My focus on IT security began in 1997 with a malware outbreak. To get a sense of how much has changed, I checked out the (ISC)² website as it existed back then. Whoa. It’s ugly. The website and the views on cyber security have drastically improved since the nineties.
These days I regularly get asked, “where do we begin?” Privileged Access Management is supposed to look like this. Zero Trust Architecture is supposed to look like that. We only have a these two things, a paperclip, some duct tape, an overworked staff, and an intern. Where do we even start?
Borrowing from the product design world, take a Minimum Viable Product (MVP) strategy. Take a limited number of security controls. Take a limited scope of people and systems. Design a security capability, implement it, and get feedback on what works and where improvements are needed. Then, rinse and repeat with refined controls and in a new area of the organization.
A concern is that this process may lead to a patchwork of controls assembled from a tangle of point solutions. Valid concern. We’ve all seen such environments. A few of us have been lucky enough to build such mistakes, and learn from them. The way to avoid this is to use a consistent set of architecture patterns and project templates. Each sprint begins with these patterns and plans. Each one ends with updating the architecture and PMO libraries. It’ll be ugly, but with a controlled process, it’ll improve rapidly.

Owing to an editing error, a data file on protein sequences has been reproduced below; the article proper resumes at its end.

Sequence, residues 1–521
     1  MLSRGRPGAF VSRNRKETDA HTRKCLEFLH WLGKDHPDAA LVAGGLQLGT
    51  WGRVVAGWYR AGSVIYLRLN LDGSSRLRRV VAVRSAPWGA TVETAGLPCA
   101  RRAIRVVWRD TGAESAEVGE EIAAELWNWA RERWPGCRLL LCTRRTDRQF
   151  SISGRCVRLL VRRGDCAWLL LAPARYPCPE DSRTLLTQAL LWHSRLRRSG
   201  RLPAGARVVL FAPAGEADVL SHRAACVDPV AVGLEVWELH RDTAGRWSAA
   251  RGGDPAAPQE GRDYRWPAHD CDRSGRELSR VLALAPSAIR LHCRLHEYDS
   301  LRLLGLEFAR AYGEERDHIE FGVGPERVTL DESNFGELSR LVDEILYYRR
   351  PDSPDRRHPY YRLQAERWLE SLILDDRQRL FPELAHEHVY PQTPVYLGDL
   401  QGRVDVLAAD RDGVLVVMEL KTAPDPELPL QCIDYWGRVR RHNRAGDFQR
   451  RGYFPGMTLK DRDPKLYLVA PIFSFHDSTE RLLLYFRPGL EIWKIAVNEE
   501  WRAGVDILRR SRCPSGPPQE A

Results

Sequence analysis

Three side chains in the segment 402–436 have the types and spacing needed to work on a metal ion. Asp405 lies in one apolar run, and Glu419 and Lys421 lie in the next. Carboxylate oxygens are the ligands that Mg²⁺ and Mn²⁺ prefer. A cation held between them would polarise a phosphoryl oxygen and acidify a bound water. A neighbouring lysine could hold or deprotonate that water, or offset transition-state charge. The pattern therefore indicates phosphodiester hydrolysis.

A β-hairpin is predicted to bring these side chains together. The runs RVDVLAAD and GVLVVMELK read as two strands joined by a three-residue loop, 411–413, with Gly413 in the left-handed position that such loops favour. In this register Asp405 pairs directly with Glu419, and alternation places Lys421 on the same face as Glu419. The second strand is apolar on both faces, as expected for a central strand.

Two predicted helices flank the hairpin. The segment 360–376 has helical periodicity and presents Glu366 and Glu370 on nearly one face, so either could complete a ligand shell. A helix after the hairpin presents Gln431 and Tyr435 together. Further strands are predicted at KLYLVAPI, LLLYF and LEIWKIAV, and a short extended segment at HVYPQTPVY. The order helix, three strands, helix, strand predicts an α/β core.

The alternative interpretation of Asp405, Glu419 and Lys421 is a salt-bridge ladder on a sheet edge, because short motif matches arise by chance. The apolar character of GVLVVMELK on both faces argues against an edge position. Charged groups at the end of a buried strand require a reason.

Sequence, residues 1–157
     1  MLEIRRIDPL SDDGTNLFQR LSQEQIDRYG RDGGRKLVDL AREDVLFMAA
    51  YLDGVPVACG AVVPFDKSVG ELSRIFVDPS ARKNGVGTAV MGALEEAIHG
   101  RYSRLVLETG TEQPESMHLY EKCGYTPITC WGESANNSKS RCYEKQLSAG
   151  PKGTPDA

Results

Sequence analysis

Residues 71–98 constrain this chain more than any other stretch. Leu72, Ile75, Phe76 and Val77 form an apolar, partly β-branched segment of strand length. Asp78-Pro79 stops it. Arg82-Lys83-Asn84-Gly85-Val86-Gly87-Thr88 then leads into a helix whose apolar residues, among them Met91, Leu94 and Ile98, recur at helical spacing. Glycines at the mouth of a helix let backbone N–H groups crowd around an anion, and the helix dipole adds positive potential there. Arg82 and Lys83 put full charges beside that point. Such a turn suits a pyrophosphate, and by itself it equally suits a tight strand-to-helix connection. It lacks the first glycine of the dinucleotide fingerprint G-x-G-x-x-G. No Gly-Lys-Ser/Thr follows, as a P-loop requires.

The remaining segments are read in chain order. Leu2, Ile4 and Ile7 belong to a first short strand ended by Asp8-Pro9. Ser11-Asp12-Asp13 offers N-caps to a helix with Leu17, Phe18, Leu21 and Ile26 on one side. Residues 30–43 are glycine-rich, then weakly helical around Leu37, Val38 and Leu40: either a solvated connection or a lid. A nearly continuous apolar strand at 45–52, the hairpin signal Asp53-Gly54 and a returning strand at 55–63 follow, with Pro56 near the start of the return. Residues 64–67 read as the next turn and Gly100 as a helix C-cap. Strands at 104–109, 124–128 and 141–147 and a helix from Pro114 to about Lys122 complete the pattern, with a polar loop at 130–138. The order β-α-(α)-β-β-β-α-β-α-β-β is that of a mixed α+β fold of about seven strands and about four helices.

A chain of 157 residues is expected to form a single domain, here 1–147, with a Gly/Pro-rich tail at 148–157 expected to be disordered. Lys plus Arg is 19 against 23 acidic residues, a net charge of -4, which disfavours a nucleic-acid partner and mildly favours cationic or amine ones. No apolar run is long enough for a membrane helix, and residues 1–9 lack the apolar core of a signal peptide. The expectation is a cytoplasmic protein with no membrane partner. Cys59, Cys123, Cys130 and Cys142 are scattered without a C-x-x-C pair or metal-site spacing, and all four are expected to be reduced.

Criminals don’t care that we got the capability perfect. Adversaries aren’t impressed with the beauty of our control framework. So toss out the textbook.
Start where you are. Dare to be ugly. Iterate and improve.
This article is part of a series on designing cyber security capabilities. To see other articles in the series, including a full list of design principles, click here.